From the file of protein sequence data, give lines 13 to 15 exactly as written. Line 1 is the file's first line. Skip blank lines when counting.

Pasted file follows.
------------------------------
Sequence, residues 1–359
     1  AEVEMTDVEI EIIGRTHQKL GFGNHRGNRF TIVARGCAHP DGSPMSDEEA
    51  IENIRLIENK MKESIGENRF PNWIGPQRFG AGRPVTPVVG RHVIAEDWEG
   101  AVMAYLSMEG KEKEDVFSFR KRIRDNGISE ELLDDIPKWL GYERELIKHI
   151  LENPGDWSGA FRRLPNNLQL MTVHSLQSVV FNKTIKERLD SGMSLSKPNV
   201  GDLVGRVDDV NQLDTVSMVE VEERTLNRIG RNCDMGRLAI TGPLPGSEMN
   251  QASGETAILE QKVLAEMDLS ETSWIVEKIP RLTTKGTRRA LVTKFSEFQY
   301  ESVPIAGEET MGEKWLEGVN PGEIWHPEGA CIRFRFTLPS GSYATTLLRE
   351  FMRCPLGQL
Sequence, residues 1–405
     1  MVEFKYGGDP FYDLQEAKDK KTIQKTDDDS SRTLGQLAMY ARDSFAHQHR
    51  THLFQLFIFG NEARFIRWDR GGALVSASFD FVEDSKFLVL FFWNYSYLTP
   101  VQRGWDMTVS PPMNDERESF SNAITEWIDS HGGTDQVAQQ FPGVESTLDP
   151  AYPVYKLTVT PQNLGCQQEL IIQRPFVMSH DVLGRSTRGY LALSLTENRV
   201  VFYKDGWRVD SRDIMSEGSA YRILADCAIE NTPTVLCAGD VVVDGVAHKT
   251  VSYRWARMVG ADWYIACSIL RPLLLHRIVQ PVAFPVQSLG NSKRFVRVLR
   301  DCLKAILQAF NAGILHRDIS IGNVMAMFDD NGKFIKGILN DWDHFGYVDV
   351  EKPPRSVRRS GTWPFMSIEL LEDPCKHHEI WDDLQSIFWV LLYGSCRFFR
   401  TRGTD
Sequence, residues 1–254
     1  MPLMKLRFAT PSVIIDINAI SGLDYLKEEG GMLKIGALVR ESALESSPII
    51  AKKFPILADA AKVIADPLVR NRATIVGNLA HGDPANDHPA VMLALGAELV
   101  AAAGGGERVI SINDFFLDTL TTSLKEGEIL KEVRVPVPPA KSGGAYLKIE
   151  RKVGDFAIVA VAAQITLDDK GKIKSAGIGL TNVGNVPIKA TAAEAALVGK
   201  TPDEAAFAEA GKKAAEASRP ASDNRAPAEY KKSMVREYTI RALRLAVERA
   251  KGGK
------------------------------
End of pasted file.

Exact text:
   101  VQRGWDMTVS PPMNDERESF SNAITEWIDS HGGTDQVAQQ FPGVESTLDP
   151  AYPVYKLTVT PQNLGCQQEL IIQRPFVMSH DVLGRSTRGY LALSLTENRV
   201  VFYKDGWRVD SRDIMSEGSA YRILADCAIE NTPTVLCAGD VVVDGVAHKT